| Food For Thought, Nutrition

Radishes—a spring delight—are a feast to the eyes and are often the first local vegetable of the season.

I always admire the early displays at the farmers market and at the Co-op, the colorful array of radishes especially welcome after the grays and browns of the winter months.

The word “radish” is derived from the Latin radix, which means root. As I mentioned, they are one of the first root vegetables available in early spring. In fact the Greek name for the radish genus, Raphanus, means “quickly appearing,” which it certainly does, a welcome sprout in the spring garden!

Radishes are a member of the Brassica family, also known as the cabbage or mustard family. It is reported that radishes were native to China and other parts of Asia, and then they became domesticated in the Mediterranean. Initially Egypt and Greece were huge admirers of this unique vegetable. In ancient Greece they were in such high regard that gold replicas of radishes were dedicated to Apollo in the temple at Delphi. Drawings of radishes were found on Egyptian pyramids around 2000 B.C., where they were also highly valued. In Egypt radishes were grown for radish seed oil, which was commonly used before olive oil was available. Radishes spread to European countries and Japan where they became very popular and beloved. Radishes came to America in the early 1600s.

Radishes come in a multitude of colors (pink, white, black, yellow, red, and purple). One variety, called watermelon, is quite drab and green on the outside but once it is cut open, your eyes are in for a treat, since it is white closest to the outside but then there are circular striations of beautiful pink and magenta—thus the resemblance to Mother Nature’s work of art, the watermelon! Japan is known for its daikon radish, which is commonly grown here now. It is recognized as a winter radish and can be stored for extended periods of time. Radishes come in different shapes and sizes, the most common being round, but you often find them elongated or in icicle formations. Their tastes vary as well, from mild to very pungent. Radishes are known for their robust flavor, which is due to the presence of mustard oil and the plant compounds called glucosinolates (also found in horseradish and wasabi).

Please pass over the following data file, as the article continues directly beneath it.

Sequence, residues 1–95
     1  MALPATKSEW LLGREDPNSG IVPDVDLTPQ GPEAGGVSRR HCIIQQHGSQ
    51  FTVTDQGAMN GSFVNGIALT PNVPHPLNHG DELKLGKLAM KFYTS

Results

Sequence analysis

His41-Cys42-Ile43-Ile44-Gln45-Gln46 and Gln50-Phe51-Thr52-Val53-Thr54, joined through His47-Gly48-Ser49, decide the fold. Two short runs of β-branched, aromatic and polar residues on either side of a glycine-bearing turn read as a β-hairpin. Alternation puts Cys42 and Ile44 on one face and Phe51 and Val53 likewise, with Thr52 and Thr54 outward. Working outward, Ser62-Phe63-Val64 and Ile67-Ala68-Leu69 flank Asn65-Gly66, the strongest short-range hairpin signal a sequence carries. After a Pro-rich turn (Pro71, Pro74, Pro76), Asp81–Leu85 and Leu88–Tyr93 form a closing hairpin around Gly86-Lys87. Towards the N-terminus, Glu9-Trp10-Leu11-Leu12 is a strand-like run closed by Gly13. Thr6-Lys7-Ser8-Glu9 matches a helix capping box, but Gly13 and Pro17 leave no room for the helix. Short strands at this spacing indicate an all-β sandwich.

Radishes are some of the most hydrating vegetables, consisting of a whopping 95% water. They contain a large amount of vitamin C and provide us with potassium, dietary fiber, and folic acid, too. Radish greens can be eaten and they are rich sources of vitamins A and C, as well as B-vitamins. Radishes have been shown to benefit our bodies medicinally by improving digestion. The plant compounds they all contain, glucosinolates, have been shown to be involved in fighting cancer, and they contain another powerful compound, anthocyanin, which are responsible for radishes’ brilliant colors. Research has shown that they may assist in decreasing inflammation and have properties to prevent cancer and heart disease.

Look for radishes that are firm, have no cracks, and provide bright color. Store them in the refrigerator, and remove the greens unless you plan to use them right away. Wash them well, and if there are blemishes, you can peel them. I often peel daikon since there can be a lot of dirt in the nooks and crannies. Slice, chop, or grate radishes into a salad. If they have become limp, freshen them up by soaking them in ice cold water for about an hour.

Don’t delay—go out and buy or plant some fresh radishes! Add a splash of color to your salads and spice up the flavor. Feel free to make a salad of just radishes, or mix them with greens. Add them to any of your favorite salads (potato or egg) for a new flavor, or slice them to add to a sandwich. I just discovered roasted radishes, which have a totally different flavor. Roasting them tones down their spiciness and the oil and vinegar dressing adds zing!

By Chris Ellis, Staff Nutritionist